“I asked him, ‘Did you murder Linda?’ and he kept saying, ‘I didn’t hurt her,’ and I said, ‘I didn’t ask you that,” Sims said.

Sims said she continued to ask Thomas outright several times if he killed Linda, and she said he consistently said no. Then, she said, he changed his answer during a phone call that took place after he filed the missing persons report.

“I said again, ‘Did you kill Linda?’ then he said, ‘I don’t think so,’ Sims said. “That’s when I called the police.”

Sims flew to Anchorage on Sunday to speak with police in person to voice her concerns. She said she couldn’t get anyone to speak with her directly, and flew back to Juneau on Monday. On Wednesday night, media outlets began sharing the news of APD’s arrest and the murder charges.

In a phone call Thursday, Sims said the news confirmed her worst fears about her foster daughter’s disappearance, and verified her suspicions about Thomas.

Now, Sims is waiting for news from Linda’s birth mother, Laura Sheldon, and Linda’s sister, Kendra Sheldon, both Juneau residents, who left for Anchorage Thursday morning after learning about the arrest.

Sims and Myrna Brown both said police have not notified them of Linda’s death or whether her body has been found, despite murder charges being filed. Sims did say she received word from the Anchorage District Attorney’s office that a body has not been found and that police are investigating recent purchases by Thomas. An attorney from the Anchorage office would not confirm or deny the report.

APD Public Information Officer Anita Shell said police are not releasing any information about the possible discovery of a body at this moment, citing the ongoing investigation.

Brown, who is still reeling from the loss of her son Jordan Sharclane who died after a fatal stabbing in December, said she and Sims are waiting for more information before they head to Anchorage, too. They want to receive information first-hand, and also to retrieve the two children whom they believe are in the custody of the Office of Children’s Services. A third child of Linda’s, a 12-year-old girl, lives with her father, Sims said.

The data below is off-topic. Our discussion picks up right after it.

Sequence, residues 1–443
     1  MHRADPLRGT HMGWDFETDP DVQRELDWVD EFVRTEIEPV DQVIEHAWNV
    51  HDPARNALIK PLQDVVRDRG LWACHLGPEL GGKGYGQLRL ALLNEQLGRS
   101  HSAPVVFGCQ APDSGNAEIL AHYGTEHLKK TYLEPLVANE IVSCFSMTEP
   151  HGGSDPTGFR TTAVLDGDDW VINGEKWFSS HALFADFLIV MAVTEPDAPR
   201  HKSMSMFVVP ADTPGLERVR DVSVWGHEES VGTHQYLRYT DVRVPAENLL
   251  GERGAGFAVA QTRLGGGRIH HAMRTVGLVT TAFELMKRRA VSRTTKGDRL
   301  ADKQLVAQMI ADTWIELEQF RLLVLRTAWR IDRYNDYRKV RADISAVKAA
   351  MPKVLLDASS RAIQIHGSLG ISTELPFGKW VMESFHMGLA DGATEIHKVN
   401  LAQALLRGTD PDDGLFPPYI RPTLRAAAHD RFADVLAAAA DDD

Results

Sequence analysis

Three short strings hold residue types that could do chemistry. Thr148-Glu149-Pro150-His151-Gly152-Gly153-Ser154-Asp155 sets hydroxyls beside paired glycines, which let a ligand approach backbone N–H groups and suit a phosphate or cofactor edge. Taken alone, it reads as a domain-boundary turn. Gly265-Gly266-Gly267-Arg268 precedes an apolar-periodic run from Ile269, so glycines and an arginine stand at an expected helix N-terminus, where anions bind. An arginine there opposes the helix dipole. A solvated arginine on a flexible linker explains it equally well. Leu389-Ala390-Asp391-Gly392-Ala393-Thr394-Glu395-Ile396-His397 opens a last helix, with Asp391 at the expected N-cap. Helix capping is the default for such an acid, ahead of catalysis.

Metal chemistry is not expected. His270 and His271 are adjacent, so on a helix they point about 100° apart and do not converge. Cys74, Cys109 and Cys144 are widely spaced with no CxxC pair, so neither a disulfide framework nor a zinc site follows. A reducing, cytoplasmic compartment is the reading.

Thomas was arraigned at 2:30 p.m. today in the state District Court in Anchorage. Anchorage District Attorney Clinton Campion could not be reached by phone to summarize the arraignment details. Anchorage District Attorney’s Office paralegal Lacy Jensen told the Empire she would not disclose information regarding the public hearing.

According to Sims, who listened in on Thomas’ arraignment through a court provided phone line, bail was set at $500,000. Thomas told the judge he did not have funds for a defense attorney and the judge told him one would be appointed to him, Sims said. This information could not be confirmed through Alaska’s public court document system as it was not updated by press time.

Sims had this to say of Thomas’ demeanor in the courtroom: “He didn’t sound remorseful. He sounded strong, stronger than when I last spoke with him.”

Thomas’ next court appearance is scheduled for Feb. 26.

Linda Skeek and her husband, Thomas in an undated picture.

Linda Skeek and her husband, Thomas in an undated picture.

Linda Skeek with her two of her three children in a picture her family believes was taken two years ago.

Linda Skeek with her two of her three children in a picture her family believes was taken two years ago.

Thomas Skeek Jr. stands during his arraignment in court on Thursday in Anchorage. He has been charged with murder in the disappearance of Linda Skeek.

Thomas Skeek Jr. stands during his arraignment in court on Thursday in Anchorage. He has been charged with murder in the disappearance of Linda Skeek.